Home » News » Housing Market » House prices ‘into the stratosphere’ as annual inflation hits 13.4%
Housing Market

House prices ‘into the stratosphere’ as annual inflation hits 13.4%

Latest Nationwide figures show all regions experiencing rises with many into double-digit growth, which many agents pin on the stamp duty holiday.

Nigel Lewis

nationwdie stamp duty

Annual house price inflation has hit 13.4%, confirming predictions earlier this year that the overheating property market would send house prices spiralling upwards.

The latest figures from lender the Nationwide reveal that house prices are rising at the fastest rate for 17 years with rises in all regions and are 5% higher than in March.

This is the third month in a row the lender has recorded rising prices.

Strongest performances featuring double-digit growth during June were in Northern Ireland, Wales, Yorkshire & Humberside, the East Midlands, the North, South East and the North West.

London and Scotland also saw the most subdued, rising by a more subdued 7% over the past year.

“While the strength is partly due to base effects, with June last year unusually weak due to the first lockdown, the market continues to show significant momentum,” says Robert Gardner (pictured), Nationwide’s Chief Economist.

David Westgate, group chief executive of estate agency Andrews, say buyers trying to take advantage of the extended stamp duty holiday and the race for more space are pushing house prices ‘into the stratosphere’.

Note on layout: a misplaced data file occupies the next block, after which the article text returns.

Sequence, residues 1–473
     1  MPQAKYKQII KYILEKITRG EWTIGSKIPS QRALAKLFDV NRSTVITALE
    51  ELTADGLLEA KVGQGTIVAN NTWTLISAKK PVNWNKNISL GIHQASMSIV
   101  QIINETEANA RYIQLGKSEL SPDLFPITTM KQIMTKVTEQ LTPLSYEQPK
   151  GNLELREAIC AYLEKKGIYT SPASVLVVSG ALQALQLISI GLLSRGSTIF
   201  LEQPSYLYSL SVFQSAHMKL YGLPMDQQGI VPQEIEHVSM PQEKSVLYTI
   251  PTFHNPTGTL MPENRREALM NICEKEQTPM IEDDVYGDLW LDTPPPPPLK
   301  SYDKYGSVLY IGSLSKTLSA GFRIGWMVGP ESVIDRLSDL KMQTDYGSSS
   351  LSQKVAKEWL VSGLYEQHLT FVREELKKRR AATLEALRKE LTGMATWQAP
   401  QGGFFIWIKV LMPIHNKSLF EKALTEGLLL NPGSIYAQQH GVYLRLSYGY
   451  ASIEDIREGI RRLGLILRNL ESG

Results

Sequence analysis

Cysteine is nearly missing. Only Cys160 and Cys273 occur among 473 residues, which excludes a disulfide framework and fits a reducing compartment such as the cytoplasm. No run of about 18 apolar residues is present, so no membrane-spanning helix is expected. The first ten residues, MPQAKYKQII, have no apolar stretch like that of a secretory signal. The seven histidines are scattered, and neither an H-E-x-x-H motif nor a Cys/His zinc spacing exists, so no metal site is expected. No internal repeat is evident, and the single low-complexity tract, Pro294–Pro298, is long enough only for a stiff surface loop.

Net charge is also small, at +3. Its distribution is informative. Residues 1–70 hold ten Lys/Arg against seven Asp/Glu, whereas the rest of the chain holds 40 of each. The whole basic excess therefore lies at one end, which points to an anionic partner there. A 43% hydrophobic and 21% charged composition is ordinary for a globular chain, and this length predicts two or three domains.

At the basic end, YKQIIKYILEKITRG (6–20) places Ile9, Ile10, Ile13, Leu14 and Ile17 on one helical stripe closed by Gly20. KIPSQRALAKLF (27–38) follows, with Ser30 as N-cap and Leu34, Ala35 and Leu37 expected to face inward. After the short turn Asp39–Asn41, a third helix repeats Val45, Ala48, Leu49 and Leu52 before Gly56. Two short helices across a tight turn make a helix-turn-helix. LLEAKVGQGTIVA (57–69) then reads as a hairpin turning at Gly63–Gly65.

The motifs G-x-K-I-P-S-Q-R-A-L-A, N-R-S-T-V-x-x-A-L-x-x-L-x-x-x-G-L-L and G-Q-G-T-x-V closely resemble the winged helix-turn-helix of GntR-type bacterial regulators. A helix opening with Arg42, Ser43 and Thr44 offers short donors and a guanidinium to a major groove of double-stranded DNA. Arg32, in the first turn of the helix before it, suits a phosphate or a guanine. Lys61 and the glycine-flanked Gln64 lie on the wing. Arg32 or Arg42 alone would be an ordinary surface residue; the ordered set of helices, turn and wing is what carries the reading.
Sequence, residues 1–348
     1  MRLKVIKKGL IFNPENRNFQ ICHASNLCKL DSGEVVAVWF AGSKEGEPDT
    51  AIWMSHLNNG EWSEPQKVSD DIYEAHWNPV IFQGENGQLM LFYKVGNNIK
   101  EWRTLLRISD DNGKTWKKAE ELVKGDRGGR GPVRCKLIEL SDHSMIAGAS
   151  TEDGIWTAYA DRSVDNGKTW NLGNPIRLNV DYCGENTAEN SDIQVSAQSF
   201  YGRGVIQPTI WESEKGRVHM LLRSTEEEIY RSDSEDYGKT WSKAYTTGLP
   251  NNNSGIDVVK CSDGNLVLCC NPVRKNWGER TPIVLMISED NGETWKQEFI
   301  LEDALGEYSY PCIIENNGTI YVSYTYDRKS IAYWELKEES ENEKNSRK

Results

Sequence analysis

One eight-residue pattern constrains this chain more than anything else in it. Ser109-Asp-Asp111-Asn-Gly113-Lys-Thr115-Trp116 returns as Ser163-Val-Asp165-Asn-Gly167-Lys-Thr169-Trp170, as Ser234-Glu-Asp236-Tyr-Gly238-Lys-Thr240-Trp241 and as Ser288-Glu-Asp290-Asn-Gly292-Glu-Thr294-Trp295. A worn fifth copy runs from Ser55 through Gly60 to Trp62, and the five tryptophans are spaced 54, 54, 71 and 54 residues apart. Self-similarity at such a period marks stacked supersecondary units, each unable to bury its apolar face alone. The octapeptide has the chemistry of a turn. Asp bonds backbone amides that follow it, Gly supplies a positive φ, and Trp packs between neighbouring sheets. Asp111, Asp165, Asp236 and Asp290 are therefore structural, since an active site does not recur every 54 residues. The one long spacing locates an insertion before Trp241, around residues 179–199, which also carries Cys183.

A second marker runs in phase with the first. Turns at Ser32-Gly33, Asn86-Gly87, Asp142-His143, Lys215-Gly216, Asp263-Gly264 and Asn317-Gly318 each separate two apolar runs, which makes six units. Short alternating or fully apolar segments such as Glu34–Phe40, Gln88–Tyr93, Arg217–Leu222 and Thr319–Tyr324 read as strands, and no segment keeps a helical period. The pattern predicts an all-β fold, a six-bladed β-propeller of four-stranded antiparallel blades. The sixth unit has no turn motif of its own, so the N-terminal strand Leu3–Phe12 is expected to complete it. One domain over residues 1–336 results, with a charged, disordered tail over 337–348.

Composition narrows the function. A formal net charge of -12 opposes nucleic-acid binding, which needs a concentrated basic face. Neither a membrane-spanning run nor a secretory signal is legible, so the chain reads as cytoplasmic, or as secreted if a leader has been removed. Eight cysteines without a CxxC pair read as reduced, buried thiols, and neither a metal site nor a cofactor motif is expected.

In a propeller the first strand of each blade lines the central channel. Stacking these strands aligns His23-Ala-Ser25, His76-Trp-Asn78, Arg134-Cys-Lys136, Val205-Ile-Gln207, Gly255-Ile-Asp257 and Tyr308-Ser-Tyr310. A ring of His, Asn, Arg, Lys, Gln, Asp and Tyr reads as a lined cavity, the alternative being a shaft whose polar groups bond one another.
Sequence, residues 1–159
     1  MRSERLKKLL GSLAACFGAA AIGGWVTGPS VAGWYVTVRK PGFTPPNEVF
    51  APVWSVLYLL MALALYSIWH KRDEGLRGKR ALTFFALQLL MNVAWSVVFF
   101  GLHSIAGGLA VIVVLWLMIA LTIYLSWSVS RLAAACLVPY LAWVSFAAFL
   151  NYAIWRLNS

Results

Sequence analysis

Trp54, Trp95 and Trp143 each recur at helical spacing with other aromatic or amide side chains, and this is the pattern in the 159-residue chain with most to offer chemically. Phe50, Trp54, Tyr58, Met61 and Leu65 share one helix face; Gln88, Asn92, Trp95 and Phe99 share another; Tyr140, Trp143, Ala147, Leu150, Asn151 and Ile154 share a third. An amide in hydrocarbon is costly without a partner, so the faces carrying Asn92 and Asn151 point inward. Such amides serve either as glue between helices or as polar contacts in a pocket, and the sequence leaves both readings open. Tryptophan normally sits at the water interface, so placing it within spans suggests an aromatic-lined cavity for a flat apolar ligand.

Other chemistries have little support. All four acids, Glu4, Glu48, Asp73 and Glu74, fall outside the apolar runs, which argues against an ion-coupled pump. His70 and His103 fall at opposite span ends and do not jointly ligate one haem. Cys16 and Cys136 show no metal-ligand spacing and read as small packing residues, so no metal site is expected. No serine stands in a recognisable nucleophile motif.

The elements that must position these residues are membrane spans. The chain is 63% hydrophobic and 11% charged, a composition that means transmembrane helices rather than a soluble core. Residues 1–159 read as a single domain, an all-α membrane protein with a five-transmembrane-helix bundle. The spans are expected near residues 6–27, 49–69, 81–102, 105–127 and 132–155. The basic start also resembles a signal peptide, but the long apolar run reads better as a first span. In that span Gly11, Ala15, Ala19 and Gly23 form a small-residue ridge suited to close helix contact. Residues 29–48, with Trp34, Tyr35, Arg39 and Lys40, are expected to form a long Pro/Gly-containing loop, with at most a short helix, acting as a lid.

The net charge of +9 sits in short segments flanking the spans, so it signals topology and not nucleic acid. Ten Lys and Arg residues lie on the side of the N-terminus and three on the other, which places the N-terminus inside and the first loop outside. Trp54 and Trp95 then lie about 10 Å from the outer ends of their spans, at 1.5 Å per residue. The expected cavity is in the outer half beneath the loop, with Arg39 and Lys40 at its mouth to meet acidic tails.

“It’s starting to feel like prices are freewheeling with buyers snapping up properties, particularly those with generous outside space, as soon as they come onto the market,” he says.

“The end of the full stamp duty holiday tomorrow may see activity cool a little, but not significantly, as there are plenty of buyers who still have time and the motivation to complete before the tapered relief ends on 30th September.”

james forresterMD of estate agency Barrows and Forrester, James Forrester (pictured) says the stamp duty’s influence on buyer demand is overstated.

“Once both the initial and extended [stamp duty] deadlines have expired, the fires of buyer demand will continue to be stoked by the availability of 95% mortgage products and very low interest rates,” he says.

June 29, 2021

What's your opinion?

Please note: This is a site for professional discussion. Comments will carry your full name and company.

This site uses Akismet to reduce spam. Learn how your comment data is processed.